In Shutdown: How Covid Shook the World's Economy (Viking, 2021), Adam Tooze has produced an instant history that is essential reading for those trying to understand the past two years. Tooze’s narrative is skillfully woven; it extracts meaning from major episodes of the pandemic crisis even as it provides the reader with rich detail, from the ins and outs of political summits to the ups and downs of financial markets. Tooze, a historian at Columbia University, writes that pandemic aside, the world seems to be entering a dangerous new era. And that, above all, is the message Shutdown seeks to convey. To survive this new era, in which old orthodoxies have been thrown aside and new rules apply, we will have to find a vision and a wisdom that has eluded us these past two years. It will not be easy. Tooze closes his book in ominous fashion, with the line, “We ain’t seen nothing yet.”
—Adapted from “Best Business Books 2021: The pandemic rewrites geopolitics,” by Ryan Avent
“Today, practically everything you do at work is a collaboration,” writes Rob Cross in Beyond Collaboration Overload: How to Work Smarter, Get Ahead, and Restore Your Well-Being (Harvard Business Review Press, 2021), this year’s best business book on the topic of management. Indeed, Cross finds that 85% or more of employee time is devoted to collaborative activities and that many managers collaborate too much—becoming obstacles to organizational performance and their own well-being in the process. Beyond Collaboration Overload earns its spot among this year’s best business books for several reasons. It disabuses us of the notion that collaboration per se is a good thing. It defines dysfunctional collaboration and identifies its many causes. It provides a host of research-derived tools and techniques for managing collaboration in ways that benefit people and the organizations they work within. And, of course, there’s the welcome prospect of getting one day per week of your life back.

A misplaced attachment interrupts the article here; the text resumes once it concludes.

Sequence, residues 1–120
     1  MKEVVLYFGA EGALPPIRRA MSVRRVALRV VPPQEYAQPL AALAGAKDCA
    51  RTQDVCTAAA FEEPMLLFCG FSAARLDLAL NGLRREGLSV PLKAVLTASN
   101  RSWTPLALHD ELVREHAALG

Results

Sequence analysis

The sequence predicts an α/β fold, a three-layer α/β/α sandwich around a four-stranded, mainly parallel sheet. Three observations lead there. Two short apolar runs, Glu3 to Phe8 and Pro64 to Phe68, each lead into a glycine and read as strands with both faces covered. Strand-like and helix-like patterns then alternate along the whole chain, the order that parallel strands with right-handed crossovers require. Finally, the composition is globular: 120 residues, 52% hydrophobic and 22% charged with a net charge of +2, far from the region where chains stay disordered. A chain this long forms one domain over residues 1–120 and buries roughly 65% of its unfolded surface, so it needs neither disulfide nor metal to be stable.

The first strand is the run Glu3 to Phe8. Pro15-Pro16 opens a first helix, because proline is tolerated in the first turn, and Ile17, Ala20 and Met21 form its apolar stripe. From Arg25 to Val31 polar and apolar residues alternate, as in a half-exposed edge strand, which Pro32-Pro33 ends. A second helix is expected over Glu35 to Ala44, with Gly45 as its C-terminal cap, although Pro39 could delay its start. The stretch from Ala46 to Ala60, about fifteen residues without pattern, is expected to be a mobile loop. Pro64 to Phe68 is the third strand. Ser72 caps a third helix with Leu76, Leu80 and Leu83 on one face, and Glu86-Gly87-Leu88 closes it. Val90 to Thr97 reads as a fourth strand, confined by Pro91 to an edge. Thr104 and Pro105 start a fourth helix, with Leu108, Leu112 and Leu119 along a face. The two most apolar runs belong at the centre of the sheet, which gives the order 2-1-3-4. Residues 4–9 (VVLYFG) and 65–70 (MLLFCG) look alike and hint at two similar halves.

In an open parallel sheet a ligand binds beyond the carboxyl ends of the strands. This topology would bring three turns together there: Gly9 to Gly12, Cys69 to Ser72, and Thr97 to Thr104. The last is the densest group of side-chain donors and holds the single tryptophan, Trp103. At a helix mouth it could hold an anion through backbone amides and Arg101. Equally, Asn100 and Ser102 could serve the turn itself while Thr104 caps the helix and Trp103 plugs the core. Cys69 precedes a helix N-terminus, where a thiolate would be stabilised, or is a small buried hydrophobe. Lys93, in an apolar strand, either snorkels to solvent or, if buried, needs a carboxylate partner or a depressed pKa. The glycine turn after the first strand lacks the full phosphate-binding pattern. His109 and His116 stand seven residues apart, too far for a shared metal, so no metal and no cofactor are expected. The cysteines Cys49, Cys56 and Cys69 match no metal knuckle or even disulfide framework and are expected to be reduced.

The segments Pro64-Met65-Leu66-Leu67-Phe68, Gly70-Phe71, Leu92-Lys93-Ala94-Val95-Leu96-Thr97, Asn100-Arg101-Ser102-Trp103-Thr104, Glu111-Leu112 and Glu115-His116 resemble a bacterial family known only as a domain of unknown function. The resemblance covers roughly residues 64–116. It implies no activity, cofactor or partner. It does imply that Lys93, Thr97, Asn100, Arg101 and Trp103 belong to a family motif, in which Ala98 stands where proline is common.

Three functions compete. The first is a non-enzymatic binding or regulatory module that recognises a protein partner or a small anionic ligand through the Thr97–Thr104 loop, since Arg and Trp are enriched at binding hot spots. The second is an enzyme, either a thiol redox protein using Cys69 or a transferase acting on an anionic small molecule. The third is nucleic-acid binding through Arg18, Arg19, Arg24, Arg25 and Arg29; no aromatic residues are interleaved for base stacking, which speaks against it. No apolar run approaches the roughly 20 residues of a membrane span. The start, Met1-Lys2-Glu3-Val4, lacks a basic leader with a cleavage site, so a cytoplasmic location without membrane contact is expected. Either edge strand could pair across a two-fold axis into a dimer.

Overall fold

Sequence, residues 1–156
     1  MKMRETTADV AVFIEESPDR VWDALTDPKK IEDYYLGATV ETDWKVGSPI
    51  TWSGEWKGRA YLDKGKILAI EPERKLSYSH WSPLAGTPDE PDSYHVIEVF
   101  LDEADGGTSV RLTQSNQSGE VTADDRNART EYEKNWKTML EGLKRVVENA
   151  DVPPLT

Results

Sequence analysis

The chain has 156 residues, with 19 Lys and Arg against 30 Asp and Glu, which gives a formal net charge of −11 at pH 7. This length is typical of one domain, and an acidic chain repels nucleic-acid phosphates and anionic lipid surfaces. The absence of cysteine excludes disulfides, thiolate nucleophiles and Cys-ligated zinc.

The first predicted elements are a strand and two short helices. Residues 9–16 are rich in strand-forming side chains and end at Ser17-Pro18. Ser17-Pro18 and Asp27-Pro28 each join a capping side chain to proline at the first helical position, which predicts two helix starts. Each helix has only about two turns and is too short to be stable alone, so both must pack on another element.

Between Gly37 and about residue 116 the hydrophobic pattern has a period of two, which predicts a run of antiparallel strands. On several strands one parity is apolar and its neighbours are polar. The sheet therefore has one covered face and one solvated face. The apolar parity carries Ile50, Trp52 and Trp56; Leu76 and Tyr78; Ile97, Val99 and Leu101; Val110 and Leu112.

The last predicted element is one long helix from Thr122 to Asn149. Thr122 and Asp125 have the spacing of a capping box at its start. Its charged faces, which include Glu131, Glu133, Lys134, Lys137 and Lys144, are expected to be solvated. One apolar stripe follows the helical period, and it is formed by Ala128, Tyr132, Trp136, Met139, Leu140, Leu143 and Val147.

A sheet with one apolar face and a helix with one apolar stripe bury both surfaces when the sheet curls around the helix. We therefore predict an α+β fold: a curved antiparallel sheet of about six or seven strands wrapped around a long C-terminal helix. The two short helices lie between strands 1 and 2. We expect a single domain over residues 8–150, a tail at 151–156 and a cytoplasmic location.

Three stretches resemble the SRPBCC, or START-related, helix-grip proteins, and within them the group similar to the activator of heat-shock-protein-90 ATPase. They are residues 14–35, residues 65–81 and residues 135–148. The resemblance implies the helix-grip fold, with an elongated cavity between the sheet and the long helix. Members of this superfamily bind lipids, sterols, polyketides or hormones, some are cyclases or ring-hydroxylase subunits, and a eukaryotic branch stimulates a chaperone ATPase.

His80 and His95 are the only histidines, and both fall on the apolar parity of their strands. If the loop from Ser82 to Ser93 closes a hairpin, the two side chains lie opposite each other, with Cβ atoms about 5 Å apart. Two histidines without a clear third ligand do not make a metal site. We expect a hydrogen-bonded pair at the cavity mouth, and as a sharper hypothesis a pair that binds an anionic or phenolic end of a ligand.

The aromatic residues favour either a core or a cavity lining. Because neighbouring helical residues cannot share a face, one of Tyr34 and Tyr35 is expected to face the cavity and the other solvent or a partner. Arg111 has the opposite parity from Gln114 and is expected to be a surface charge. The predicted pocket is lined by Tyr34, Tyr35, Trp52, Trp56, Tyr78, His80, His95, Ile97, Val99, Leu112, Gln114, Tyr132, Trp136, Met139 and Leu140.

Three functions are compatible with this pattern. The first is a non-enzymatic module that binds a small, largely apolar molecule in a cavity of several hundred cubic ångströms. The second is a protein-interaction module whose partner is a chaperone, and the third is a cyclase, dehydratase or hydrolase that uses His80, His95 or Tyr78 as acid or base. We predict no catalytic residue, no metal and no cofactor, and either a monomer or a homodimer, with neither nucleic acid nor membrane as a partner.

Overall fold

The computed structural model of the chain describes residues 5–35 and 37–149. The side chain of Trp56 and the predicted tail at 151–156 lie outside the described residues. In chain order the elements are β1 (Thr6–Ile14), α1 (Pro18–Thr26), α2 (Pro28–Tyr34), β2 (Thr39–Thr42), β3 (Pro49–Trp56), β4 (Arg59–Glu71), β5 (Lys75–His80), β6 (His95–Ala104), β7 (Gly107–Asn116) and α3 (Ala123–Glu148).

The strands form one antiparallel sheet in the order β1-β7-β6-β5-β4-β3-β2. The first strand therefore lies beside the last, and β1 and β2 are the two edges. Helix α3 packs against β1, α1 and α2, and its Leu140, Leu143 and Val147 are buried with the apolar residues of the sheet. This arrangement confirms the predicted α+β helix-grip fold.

—Adapted from “Best Business Books 2021: Taming collaborative dysfunction,” by Theodore Kinni
How can companies maximize the positive impacts of technology while minimizing all the bad ones? That’s the next great challenge facing corporate leaders, and our system as a whole. And that’s why Your Computer Is On Fire (MIT Press, 2021), edited by Thomas S. Mullaney, Benjamin Peters, Mar Hicks, and Kavita Philip, which is critical reading for business leaders seeking to tackle this question head-on, is the best technology book of 2021. The book consists of 16 essays rather than a single narrative. And they are written by academics for an intended audience of STEM students, humanists, technologists, and social scientists. But executives who make their way through the 400-plus pages of Your Computer Is On Fire will end it more than a little unsettled. The authors fearlessly dismantle the technology industry’s most sacred assumptions, forcing a rethinking of everything we’ve come to accept as true about our digital lives and the multibillion-dollar digital transformations going on inside our companies.
—Adapted from “Best Business Books 2021: The right time to yell ‘fire!’” by Paul Barbagallo
Four Thousand Weeks: Time Management for Mortals (Farrar, Straus and Giroux, 2021), by Oliver Burkeman, the year’s best book about consumer behavior, is a book about consumption in the deepest sense, a book about how we spend our time. As Burkeman puts it, in one of the book’s most haunting sentences, “When you pay attention to something you don’t especially value, it’s not an exaggeration to say that you’re paying with your life.” We act as if we have all the time in the world, so that it’s possible to see and do everything we want. And as a result, we’re constantly in fear of missing out. The reality, of course, is that there isn’t time enough to watch everything, read everything, do everything. The task, as it were, is to recognize this and make your peace with it. The book’s real message: recognize your limits, both in terms of how much you can do and how long it will take to do it, and cultivate what Burkeman calls an active, muscular patience.
—Adapted from “Best Business Books 2021: Making attention pay,” by James Surowiecki